That's what they do when they refuse to provide the pictures. Do they think America's sensibilities can't handle the photographs? If so, how does that make them a damn bit different than the Pentagon?

It doesn't.

And they can no longer demand free and full coverage of Iraq in one of their high minded editorials because they have documentary proof which they refused to run. News outlets are not supposed to be in the business of sheltering the public. These activities took place (we don't question them because we're already aware of them). That they took place makes them news. The magazine was happy to include that one paragraph but they're not willing to print the photos?

Do they feel Nation readers are too sensitive for this world?

The article's a joke (for what's not included and for who got excluded) but the reality is the minute they acknowledged that they had photos of abuses and elected not to run them, they left the world of journalism. They became Aaron Brown, Dan Rather and the countless others who justified limiting America's view of the illegal war, sheltering them for their own good.

Who needs a Net Nanny when you've got The Nation?

Hell, who needs Fox "News" when you've got The Nation playing censor?

The most censored topic of 2006 remains the most censored of 2007: war resisters. The Nation repeatedly refuses to their stories. In the case of Iraq war resister Ehren Watada (a sidebar to a January 8/15 article which we've just read), they reduce it to "resister" and we'll assume The Nation is so f**king stupid on the topic that's how this made it into print. We'd heard how bad it was. We'd heard sections of it. Reading it now, we grasp that they screwed up Watada's story in a sidebar. When did Watada start researching the illegal war (and why)? If you've paid attention to other outlets, you know the order of events. The Nation screws up the order, restructures it to fit their own narrative?, and that makes their sidebar even more pathetic and shameful. Of course, no one can fact check at the magazine when they don't even know the basics about the growing movement of resistance within the military.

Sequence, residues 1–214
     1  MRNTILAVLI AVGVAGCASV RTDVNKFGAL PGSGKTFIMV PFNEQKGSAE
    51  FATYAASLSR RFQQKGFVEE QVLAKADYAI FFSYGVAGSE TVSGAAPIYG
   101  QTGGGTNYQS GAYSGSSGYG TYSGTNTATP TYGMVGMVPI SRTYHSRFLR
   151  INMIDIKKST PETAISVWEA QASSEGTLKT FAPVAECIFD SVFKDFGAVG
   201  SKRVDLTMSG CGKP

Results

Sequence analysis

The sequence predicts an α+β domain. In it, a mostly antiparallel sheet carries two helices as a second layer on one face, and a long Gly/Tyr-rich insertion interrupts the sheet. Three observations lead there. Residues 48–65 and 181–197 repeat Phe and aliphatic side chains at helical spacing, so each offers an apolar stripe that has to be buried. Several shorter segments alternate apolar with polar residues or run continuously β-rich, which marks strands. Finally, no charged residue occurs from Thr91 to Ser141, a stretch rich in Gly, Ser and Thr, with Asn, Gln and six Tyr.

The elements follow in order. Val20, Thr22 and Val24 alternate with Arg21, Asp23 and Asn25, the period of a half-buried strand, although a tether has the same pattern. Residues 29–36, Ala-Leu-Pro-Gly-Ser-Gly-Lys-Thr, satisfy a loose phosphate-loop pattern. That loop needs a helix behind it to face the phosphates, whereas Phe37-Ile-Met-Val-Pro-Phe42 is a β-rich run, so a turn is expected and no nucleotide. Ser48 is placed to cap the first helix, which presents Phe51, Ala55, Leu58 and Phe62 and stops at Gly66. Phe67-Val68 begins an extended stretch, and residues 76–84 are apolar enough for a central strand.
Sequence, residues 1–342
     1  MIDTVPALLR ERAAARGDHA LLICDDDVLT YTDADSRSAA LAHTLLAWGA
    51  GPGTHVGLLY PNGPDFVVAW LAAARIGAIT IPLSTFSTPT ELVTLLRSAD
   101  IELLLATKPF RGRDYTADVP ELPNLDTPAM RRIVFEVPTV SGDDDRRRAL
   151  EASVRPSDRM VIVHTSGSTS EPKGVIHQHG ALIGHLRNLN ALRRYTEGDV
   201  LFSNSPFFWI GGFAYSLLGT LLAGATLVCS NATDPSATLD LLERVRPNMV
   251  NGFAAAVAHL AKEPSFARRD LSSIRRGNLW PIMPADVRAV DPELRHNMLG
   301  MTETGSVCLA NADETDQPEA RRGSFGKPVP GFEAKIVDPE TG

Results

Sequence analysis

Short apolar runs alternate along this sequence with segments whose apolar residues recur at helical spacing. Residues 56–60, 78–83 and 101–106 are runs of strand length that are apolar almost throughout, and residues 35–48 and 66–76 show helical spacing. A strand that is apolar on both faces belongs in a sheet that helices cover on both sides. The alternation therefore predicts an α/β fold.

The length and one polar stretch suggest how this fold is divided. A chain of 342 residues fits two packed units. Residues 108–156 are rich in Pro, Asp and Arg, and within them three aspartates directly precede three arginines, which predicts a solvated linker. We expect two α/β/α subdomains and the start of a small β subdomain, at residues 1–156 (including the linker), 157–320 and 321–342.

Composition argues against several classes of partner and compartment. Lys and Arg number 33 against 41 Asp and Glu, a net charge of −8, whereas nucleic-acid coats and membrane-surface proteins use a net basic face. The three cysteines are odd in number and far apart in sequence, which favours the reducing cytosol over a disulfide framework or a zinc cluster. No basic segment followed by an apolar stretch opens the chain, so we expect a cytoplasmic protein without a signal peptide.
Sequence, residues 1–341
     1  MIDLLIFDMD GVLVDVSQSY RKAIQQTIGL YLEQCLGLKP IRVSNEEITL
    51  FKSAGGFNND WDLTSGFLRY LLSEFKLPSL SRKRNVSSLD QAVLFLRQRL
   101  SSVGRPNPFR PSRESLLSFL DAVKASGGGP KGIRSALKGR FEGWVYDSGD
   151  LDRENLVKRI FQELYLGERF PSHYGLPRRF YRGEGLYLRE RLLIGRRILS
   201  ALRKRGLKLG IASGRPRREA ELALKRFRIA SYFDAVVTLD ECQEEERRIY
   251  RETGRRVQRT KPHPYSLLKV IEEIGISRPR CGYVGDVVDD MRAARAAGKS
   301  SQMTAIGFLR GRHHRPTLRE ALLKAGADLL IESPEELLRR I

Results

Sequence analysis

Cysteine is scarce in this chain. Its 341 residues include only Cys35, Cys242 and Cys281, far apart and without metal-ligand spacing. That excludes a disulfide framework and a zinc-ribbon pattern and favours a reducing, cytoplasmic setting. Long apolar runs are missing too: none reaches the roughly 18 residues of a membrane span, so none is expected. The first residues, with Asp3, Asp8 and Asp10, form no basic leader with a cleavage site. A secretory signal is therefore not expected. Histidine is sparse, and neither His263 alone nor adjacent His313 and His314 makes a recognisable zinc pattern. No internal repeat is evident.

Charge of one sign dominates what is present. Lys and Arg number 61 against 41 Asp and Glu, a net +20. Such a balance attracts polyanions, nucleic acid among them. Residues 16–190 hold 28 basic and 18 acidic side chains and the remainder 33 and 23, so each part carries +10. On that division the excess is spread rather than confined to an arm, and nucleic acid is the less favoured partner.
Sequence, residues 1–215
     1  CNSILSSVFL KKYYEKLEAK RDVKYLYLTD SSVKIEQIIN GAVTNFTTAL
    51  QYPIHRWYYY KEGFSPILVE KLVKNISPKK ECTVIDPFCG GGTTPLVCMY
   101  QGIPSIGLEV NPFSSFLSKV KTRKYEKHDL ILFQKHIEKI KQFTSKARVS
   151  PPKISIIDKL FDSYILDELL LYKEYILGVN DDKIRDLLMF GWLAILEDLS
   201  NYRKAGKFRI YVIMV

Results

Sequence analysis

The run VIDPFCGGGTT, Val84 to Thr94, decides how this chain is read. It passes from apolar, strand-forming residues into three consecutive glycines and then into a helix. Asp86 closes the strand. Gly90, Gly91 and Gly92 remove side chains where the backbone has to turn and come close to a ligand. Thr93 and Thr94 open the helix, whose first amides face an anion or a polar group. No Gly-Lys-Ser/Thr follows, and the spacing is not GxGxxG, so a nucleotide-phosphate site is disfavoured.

Those standing up deserve coverage. It's becoming obvious they'll never get it from The Nation. They will, however, be rendered invisible (as Abeer is in the overly praised article) or have their story be screwed up if they're lucky enough to get a sidebar after they are called a "coward" in the main article.

For those who missed it, right before our announced July 4th feature was to run, The Nation decided to contact this site via The Common Ills and this almighty, amazing article was stressed in the e-mail as the end-all-be-all. They've apparently fooled a great many people -- most of whom, we're guessing, never read the full article. If The New York Times had run this article, they would have been called out. The Nation gets a pass.

That the pass includes censoring images of the illegal war may be the second saddest thing (we rank the continued ignoring of war resisters as the worst). It is supposed to be, in some way, a part of the journalistic community. If The New York Times had announced in an article that they had photos of abuses, all the media critics would have pounced on the paper's refusal to run them. The Nation? It gets yet another pass.